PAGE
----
Being able to combine these two flows effectively could unlock considerable potential and can be amplified when IoT is coupled with 5g, which delivers more data faster and more securely, and can be used to connect a new range of IoT devices and applications, he explains.

Citi is exploring the combination of these emerging technologies to embed financial services into processes that are not necessarily finance-oriented, enabling the bank to access new data that can be harnessed to drive financial inclusion, particularly for smaller enterprises that typically struggle to make available the data points required for credit decisions.

Olomo adds: “With our partnership with Hokodo, we are able to extend payment terms of small and medium-sized corporate buyers in B2B e-commerce marketplaces. The credit risk assessment and authorisation are embedded directly within the checkout process using transaction, logistics and profile data obtained from the marketplace. By applying machine learning models, this process is completed within a second.”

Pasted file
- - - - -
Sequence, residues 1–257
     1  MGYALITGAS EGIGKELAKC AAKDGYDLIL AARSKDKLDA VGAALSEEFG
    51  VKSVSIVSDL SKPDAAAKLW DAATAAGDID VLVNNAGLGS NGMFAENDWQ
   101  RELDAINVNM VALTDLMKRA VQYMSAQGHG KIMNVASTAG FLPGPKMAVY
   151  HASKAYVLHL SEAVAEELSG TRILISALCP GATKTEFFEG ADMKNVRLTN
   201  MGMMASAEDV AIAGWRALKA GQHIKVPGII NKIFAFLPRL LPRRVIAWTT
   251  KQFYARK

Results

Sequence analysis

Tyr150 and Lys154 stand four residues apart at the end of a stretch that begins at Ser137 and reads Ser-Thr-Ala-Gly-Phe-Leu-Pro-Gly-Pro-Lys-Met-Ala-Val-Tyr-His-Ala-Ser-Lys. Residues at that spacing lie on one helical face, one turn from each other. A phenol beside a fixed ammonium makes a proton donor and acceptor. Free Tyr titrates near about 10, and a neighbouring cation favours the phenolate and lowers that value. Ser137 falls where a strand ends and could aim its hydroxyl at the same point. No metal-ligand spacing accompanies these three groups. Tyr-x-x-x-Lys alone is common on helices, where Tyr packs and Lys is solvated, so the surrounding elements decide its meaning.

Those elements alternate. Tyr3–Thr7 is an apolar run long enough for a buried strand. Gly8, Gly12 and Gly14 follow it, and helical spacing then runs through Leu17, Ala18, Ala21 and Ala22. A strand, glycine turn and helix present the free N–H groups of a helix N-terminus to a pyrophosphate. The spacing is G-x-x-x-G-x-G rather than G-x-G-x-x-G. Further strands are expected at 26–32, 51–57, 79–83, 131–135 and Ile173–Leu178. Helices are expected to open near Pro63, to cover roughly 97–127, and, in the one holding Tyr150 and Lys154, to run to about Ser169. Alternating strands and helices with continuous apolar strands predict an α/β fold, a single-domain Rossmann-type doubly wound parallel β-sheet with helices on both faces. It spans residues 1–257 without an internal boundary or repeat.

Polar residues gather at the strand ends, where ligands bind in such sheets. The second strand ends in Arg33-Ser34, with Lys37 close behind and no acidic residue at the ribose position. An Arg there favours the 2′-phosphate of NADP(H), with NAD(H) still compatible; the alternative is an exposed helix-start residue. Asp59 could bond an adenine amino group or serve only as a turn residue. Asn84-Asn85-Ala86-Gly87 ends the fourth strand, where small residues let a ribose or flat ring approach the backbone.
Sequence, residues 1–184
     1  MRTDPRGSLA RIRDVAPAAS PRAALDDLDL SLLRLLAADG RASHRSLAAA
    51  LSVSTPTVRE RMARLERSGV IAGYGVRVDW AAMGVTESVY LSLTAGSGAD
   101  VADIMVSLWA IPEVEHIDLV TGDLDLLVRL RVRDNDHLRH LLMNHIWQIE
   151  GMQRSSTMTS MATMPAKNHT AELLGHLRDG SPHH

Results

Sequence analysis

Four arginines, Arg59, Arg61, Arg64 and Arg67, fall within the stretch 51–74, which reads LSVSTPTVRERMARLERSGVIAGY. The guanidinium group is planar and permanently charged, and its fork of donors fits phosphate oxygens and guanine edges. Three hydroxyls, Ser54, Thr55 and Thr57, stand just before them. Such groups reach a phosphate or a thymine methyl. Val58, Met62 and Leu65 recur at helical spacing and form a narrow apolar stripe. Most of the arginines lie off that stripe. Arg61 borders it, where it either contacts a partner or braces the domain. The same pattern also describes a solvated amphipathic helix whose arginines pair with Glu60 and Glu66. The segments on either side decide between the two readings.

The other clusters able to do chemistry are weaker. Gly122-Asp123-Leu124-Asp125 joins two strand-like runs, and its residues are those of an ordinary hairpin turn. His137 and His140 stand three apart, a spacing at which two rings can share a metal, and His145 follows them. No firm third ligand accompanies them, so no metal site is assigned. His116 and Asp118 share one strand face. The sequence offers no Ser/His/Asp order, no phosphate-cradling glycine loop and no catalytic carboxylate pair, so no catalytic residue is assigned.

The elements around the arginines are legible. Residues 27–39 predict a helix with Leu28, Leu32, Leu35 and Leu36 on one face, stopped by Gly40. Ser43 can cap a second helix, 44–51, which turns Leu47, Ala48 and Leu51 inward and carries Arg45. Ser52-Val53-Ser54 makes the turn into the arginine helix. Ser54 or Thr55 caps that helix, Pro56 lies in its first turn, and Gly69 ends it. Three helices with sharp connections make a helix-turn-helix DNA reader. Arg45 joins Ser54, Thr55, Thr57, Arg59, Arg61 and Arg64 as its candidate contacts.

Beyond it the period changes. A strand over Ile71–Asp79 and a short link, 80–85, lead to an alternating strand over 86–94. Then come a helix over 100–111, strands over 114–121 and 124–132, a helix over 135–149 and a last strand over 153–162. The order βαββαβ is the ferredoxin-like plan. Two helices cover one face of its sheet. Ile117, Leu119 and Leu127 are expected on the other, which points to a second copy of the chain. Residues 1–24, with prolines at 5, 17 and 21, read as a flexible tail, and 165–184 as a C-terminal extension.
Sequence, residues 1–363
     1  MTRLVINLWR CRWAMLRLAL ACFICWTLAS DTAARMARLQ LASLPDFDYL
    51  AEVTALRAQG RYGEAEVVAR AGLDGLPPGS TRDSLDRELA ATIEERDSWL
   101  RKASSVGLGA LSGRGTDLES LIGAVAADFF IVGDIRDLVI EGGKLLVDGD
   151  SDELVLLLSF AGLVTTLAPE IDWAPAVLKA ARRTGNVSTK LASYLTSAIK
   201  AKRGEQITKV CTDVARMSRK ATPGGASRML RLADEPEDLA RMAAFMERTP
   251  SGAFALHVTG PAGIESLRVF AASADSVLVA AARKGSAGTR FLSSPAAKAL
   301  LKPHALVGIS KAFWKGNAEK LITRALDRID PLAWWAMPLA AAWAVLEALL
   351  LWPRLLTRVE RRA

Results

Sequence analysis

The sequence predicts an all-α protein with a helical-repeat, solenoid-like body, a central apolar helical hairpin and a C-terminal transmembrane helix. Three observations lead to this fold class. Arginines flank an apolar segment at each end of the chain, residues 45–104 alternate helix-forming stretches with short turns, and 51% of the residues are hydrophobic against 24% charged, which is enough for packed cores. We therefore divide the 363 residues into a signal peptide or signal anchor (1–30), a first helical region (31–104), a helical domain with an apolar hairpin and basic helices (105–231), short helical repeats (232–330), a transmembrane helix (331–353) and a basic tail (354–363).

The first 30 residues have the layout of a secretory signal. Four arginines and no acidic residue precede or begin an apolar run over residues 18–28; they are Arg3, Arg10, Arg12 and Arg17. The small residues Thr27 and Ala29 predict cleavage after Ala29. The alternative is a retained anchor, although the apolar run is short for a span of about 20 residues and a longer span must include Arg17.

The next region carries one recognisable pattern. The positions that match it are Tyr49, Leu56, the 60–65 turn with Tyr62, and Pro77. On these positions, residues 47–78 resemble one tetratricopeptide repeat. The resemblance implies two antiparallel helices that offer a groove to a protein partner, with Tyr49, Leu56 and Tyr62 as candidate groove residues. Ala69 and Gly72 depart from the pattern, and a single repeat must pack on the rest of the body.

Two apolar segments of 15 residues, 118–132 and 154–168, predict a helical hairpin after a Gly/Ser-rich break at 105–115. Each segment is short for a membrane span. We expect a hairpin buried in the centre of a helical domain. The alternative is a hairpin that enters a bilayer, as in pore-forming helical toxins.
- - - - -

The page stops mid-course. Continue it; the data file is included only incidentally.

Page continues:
As Citi works towards assessing and developing all of the necessary technological capabilities for the end-to-end digitisation of trade, the team emphasises that it does so by prioritising the solutions that provide the greatest service and value to clients.

“Clients are becoming increasingly open to exploring these new emerging technologies and partnering with us to future-proof their systems,” says Sica. “That’s one of the biggest shifts we’re seeing and is central to the digital transition we’re pioneering at Citi.”